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[SYDNEY] Police in Papua New Guinea opened fire on students protesting against the prime minister on Wednesday, with witnesses saying at least four people had been shot.
Students have been locked in a month-long standoff with authorities and have been boycotting classes as they demand Prime Minister Peter O'Neill step aside over corruption allegations.
Witnesses said the clashes broke out in the capital Port Moresby as students prepared to march from the University of PNG to parliament, where Mr O'Neill was due to face a no confidence vote.
Anti-corruption campaigner Noel Anjo Kolao, who helped organise the protest, said police had set up road blocks and pointed their guns at students.
"Then they started shooting at them," he told AFP by phone, saying that he saw several students were injured.
"We have two sets of laws in Papua New Guinea, one for the prime minister and one for ordinary citizens."
PNG broadcaster EMTV said on Twitter that four people had been shot, after earlier reporting that eight students were admitted to hospital, three in critical condition.
Australia's foreign minister confirmed that students had been shot, while Washington said the police had used tear gas against the protesters.
But Port Moresby Hospital's chief emergency physician Sam Yockopua denied reports in Australian media that four people had been killed.
"There were two with major injuries while the other two had minor problems. No deaths," he told the PNG Post Courier newspaper.
The hospital's emergency department told AFP it was not authorised to give details on patients. Police in Port Moresby did not have any immediate comment.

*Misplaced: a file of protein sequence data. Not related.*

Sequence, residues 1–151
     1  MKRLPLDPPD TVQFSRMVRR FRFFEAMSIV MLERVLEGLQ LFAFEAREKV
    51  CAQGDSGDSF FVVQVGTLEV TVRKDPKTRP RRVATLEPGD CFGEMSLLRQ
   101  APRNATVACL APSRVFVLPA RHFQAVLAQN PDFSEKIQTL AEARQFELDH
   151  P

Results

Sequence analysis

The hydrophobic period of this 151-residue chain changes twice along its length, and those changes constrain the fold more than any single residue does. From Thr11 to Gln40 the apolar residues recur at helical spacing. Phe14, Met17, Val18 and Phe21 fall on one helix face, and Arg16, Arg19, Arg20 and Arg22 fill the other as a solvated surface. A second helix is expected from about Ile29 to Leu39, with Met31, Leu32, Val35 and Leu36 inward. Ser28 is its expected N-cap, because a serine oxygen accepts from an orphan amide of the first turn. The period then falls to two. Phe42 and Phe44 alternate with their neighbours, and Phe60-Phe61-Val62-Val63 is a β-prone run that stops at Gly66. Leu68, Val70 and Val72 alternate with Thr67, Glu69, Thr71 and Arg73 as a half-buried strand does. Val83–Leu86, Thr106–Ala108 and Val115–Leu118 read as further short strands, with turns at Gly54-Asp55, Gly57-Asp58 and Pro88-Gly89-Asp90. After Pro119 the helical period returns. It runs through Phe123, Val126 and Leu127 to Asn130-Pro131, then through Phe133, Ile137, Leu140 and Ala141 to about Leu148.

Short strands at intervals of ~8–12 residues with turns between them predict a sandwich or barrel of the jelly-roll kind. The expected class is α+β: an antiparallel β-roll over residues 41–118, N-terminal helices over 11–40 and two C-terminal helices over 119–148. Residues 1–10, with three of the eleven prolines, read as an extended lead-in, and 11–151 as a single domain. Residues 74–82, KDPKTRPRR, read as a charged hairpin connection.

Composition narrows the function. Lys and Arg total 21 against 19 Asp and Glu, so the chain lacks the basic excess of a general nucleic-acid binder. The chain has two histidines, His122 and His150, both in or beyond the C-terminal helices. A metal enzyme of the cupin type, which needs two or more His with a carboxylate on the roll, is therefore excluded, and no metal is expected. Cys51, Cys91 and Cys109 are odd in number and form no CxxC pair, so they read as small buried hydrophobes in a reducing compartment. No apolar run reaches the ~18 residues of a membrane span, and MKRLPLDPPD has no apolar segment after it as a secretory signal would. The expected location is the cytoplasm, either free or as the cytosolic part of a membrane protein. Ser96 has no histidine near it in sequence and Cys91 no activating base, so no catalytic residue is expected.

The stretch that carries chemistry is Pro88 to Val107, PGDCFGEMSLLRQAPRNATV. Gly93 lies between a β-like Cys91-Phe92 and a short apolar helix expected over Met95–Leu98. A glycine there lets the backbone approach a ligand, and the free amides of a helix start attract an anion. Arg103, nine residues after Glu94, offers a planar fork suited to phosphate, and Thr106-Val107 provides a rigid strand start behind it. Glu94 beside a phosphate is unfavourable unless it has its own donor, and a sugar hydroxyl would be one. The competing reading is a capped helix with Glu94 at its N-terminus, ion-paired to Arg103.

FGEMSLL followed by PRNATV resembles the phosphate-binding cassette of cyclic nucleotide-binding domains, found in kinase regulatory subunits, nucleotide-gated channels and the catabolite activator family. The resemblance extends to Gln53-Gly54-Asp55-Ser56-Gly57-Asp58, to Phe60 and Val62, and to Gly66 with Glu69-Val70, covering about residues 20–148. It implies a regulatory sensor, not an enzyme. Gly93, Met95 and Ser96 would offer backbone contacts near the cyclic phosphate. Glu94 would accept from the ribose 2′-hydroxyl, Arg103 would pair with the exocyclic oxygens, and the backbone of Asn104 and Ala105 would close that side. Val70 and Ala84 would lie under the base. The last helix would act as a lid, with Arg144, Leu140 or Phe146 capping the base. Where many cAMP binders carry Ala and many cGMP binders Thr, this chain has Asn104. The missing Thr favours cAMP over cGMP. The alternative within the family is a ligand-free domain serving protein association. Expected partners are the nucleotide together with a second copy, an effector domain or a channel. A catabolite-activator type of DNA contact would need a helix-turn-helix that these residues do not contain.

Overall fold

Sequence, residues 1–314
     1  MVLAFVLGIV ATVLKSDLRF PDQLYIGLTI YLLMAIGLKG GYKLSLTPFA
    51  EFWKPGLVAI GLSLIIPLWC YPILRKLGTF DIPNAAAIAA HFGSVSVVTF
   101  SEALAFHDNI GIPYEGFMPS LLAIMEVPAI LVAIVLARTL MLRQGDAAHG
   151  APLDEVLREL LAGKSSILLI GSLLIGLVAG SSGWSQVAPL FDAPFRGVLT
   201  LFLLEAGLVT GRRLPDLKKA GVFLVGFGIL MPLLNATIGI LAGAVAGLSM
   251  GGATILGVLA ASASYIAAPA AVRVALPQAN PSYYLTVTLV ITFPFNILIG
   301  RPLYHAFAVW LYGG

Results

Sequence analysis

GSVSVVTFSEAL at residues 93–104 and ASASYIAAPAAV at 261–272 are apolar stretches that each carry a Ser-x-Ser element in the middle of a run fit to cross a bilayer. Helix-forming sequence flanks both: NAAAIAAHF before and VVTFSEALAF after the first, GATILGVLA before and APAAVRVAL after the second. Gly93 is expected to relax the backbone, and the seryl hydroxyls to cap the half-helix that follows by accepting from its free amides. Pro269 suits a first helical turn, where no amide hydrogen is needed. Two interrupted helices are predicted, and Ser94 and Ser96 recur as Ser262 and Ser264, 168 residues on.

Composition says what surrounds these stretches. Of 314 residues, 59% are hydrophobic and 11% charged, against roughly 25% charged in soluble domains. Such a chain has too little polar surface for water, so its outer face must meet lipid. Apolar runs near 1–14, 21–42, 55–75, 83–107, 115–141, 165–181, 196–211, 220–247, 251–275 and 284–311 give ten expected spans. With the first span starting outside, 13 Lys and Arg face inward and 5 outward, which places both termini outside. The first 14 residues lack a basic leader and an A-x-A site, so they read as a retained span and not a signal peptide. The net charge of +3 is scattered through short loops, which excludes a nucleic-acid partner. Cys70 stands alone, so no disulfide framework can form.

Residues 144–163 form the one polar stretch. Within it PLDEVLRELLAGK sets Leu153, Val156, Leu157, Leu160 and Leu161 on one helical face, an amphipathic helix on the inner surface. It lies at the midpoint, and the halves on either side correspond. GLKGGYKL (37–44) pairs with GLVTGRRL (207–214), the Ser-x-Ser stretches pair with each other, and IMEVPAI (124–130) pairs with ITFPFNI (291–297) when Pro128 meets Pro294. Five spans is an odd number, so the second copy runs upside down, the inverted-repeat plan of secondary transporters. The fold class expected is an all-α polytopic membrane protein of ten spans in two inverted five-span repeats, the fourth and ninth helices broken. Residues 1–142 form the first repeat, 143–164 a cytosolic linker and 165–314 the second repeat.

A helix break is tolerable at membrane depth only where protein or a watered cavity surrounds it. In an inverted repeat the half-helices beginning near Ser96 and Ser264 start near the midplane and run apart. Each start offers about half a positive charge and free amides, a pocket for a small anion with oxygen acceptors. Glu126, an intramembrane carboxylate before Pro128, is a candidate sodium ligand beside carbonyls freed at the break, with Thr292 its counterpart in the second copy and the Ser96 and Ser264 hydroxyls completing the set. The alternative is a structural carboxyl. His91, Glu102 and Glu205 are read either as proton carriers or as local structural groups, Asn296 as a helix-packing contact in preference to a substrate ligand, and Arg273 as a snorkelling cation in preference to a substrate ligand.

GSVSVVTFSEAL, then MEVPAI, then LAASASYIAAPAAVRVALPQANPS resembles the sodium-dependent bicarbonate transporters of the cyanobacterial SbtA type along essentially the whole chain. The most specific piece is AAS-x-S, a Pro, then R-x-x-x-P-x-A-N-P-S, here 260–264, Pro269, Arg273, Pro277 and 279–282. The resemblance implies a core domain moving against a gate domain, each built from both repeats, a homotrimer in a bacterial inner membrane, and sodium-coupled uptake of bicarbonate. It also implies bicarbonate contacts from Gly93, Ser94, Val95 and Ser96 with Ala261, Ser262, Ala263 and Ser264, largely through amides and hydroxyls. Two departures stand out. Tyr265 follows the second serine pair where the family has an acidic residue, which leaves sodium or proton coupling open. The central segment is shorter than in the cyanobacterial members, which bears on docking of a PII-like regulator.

Mr O'Neill has been wanted for questioning by anti-corruption police for two years, but has refused to comply with a warrant for his arrest.
Police are investigating whether he authorised millions of dollars in illegal payments from the government to Paraka Lawyers, one of the Pacific nation's largest law firms.
When the arrest warrant was issued in 2014, Mr O'Neill sacked the PNG police commissioner, fired his attorney-general and suspended numerous other justice department and police officials.
He also disbanded the country's anti-corruption watchdog.
Mr O'Neil has denied the allegations, and last month published a lengthy letter responding to the students' concerns suggesting the accusations were politically motivated.
Both Canberra and Washington issued warnings on Wednesday, with the US embassy in Port Moresby saying: "The situation is still volatile and could escalate at any time."
Australian foreign minister Julie Bishop said her high commissioner in Port Moresby had confirmed that students had been shot.
"We call on all sides for calm to de-escalate the tensions and certainly call on all sides to respect the peaceful and lawful right to protest," she said.
Human Rights Watch deputy asia director Phil Robertson called for a full investigation.
"The police shooting of protesting students in Port Moresby is shocking, and a truly terrible incident for which all security officials responsible for using lethal force unnecessarily need to be brought to justice," he said.
"Prime Minister Peter O'Neill should immediately launch an impartial, thorough and transparent investigation."